Calculus for a Cause | A Mathematical Win-Win at SPHS

Students make a donation for a packet of information to prepare for math finals, receive five hours of tutoring and help SkillsUSA, a partnership between young people, teachers and industry, at the same time 

PHOTO: Bill Glazier | SouthPasadenan.com News | Organizers of Tuesday’s Calculus for a Cause, Jamilah Hah, left, and Albert Zhou, right, are joined by South Pasadena High Math teacher Ruth Moonesinghe, who started the fundraiser 11 years ago. Twice a year, South Pasadena High School students are given the opportunity recently to receive sample math test questions to prepare for their final exam in exchange for $20 donations that goes to charity

It’s a way of helping themselves and giving back as South Pasadena High students participated in Calculus for a Cause last Tuesday to improve their odds of a good score on second semester math finals while lending financial help to a worthy organization.

It’s the brainchild of SPHS teacher Ruth Moonesinghe, who came up with the win-win scenario 11 years ago to ease anxiety and tension just before the big test and help those in need at the same time.

Dozens took advantage of the most recent opportunity as the school year winds down, lining up behind registration tables set-up in front of the school’s gymnasium to receive a coveted packet of sample math test problems in order to prepare for final exams that began on Friday.

PHOTO: Bill Glazier | SouthPasadenan.com News |
Some of the tutors who helped students at the recent Calculus for a Cause event gathered for a photo in the Tiger Patio on the South Pasadena High School campus

Pressure is always present this time of year with passing grades are on the line, so to make life easier Moonesinghe likes to relieve it by providing a smoother path to success.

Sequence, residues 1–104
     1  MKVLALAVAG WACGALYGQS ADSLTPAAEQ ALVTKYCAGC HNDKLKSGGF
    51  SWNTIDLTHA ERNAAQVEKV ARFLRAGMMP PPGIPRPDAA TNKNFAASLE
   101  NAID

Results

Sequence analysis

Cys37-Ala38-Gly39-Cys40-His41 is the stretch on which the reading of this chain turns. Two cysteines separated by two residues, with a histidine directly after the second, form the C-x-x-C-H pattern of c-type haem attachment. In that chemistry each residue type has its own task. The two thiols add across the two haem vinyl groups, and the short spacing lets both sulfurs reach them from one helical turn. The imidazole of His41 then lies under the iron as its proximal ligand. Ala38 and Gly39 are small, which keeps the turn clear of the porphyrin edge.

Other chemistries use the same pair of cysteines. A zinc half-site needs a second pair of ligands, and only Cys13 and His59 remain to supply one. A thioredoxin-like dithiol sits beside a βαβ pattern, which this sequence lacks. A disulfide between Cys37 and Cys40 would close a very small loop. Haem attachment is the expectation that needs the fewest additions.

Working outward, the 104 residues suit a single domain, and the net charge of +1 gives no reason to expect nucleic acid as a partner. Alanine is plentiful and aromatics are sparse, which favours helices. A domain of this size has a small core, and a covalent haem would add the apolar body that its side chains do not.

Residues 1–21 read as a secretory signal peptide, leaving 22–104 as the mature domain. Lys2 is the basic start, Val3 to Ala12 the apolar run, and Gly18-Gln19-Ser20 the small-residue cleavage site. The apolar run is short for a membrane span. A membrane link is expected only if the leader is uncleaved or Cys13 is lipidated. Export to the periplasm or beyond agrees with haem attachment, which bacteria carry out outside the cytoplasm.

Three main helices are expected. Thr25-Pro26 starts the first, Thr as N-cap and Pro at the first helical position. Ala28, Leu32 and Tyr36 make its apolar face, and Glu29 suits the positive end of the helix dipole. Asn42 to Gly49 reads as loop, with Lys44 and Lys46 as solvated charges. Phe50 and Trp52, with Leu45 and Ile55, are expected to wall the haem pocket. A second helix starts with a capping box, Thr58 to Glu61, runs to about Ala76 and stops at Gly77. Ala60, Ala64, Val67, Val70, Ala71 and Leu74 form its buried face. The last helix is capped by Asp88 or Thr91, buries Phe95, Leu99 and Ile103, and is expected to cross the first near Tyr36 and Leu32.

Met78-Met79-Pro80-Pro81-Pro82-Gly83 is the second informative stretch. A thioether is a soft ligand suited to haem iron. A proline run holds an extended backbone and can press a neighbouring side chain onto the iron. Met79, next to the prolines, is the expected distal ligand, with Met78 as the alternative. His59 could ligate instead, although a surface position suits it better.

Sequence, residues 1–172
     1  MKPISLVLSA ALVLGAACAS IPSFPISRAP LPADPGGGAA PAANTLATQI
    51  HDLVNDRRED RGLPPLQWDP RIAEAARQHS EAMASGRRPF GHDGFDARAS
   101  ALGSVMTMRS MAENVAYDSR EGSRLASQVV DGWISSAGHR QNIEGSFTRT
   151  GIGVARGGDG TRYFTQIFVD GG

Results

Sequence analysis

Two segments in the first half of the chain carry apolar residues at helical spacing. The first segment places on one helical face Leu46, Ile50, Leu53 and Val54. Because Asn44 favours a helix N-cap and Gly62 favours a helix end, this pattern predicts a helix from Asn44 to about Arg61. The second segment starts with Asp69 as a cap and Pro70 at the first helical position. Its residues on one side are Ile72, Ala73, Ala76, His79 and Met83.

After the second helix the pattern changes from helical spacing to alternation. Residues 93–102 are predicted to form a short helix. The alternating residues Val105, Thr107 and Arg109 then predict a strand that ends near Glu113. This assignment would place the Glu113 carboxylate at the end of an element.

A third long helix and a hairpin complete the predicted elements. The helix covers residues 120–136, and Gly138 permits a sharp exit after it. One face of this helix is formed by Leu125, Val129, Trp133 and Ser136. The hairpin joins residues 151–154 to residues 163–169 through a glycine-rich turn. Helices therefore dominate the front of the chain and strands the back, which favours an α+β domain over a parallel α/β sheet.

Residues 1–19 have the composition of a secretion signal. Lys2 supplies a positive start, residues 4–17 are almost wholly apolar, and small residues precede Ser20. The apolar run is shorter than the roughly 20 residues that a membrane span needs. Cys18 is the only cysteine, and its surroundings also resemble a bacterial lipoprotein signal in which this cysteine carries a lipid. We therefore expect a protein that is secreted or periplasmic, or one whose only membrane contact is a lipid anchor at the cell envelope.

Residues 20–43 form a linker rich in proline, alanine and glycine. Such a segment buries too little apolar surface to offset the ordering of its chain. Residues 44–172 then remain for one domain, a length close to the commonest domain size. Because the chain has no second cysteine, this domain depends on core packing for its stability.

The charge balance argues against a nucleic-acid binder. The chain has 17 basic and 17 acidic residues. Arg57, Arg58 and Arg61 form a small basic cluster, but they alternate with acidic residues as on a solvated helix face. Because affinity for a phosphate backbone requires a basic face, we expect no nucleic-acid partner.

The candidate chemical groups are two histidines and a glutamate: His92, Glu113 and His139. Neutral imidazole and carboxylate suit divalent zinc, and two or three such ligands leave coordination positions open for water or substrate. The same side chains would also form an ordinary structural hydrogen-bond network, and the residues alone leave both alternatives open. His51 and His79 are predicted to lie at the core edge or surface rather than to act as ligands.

She acknowledges those who understand the concepts in the pages of information provided for a $20 donation will likely give students a much higher chance for success. A scholarship program she established makes the packet available to individuals who can’t afford it, making it free to everyone.

Every South Pasadena student can benefit from twice yearly event, held just before the first and second semesters end. “We won’t turn away anyone who wants an exam packet,” stressed Moonesinghe. “No one is ever excluded if they can’t make the donation.”

Yet, most want to take a peek at what’s in store on the final and willingly donate the funds, this time around recognizing that their dollars will come back to the school’s SkillsUSA chapter, a career and technical student organization which provides educational programs, events and competitions supporting career and technical education in the classroom. SkillsUSA serves nearly 400,000 high school, middle school, college students and professional members enrolled in trade, technical and skilled service occupations across America.

In addition to making a donation for the packet of information, students are given an opportunity to receive up to five hours of free tutoring inside the school’s gym.

Inside the packet “basically is a reflection of what’s going to be on the final,” explained Jamilah Hah, a student who organized this semester’s event with fellow junior Albert Zhou. Hah said students work with South Pasadena High math teachers to create the packets.

Zhou, a advanced math student and tutor, said participating in Calculus for a Cause “is a great way for us to give back to our community through helping other students with their math finals, using what we’re good at to help others.”

Calculus for a Cause started in 2008 to raise money for the victims of the Haiti earthquake. Now, like clockwork just in time for finals, the event raises funds for an organization that has faced a hardship, a natural disaster or simply needs a helping hand. Last December money was collected through the effort to support victims of the devastating fires that destroyed the town of Paradise in Northern California.

Moonesinghe, noting that Hah and Zhou took the Calculus for a Cause to a “whole new level” this semester, said nearly $4,000 was raised for the South Pasadena SkillsUSA program.

The SPHS math teacher insists developing student leaders was one of the main focuses behind her initially launching the program. “I love the fact that my older kids, those who tutor, helped the younger kids and really care about them,” she said. “As a teacher, I’ve always felt like there’s more than me standing up in a classroom and teaching math problems. I’m here to plant seeds, to let them know they can do something with their talents. They can honestly make a huge difference. You have to teach them that, encourage them and let them run with it.”

 

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